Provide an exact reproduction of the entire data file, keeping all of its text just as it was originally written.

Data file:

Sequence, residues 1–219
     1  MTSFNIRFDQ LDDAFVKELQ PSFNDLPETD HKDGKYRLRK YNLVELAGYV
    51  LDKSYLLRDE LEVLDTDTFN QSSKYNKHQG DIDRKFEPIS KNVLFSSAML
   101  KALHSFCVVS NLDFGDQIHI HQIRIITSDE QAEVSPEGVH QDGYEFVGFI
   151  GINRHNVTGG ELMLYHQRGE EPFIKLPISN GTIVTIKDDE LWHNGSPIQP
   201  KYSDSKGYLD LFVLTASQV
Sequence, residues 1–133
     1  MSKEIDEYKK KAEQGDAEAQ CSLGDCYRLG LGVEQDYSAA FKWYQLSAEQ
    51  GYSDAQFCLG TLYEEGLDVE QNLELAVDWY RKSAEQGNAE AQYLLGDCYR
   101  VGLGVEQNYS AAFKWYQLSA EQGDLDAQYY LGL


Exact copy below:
Sequence, residues 1–219
     1  MTSFNIRFDQ LDDAFVKELQ PSFNDLPETD HKDGKYRLRK YNLVELAGYV
    51  LDKSYLLRDE LEVLDTDTFN QSSKYNKHQG DIDRKFEPIS KNVLFSSAML
   101  KALHSFCVVS NLDFGDQIHI HQIRIITSDE QAEVSPEGVH QDGYEFVGFI
   151  GINRHNVTGG ELMLYHQRGE EPFIKLPISN GTIVTIKDDE LWHNGSPIQP
   201  KYSDSKGYLD LFVLTASQV
Sequence, residues 1–133
     1  MSKEIDEYKK KAEQGDAEAQ CSLGDCYRLG LGVEQDYSAA FKWYQLSAEQ
    51  GYSDAQFCLG TLYEEGLDVE QNLELAVDWY RKSAEQGNAE AQYLLGDCYR
   101  VGLGVEQNYS AAFKWYQLSA EQGDLDAQYY LGL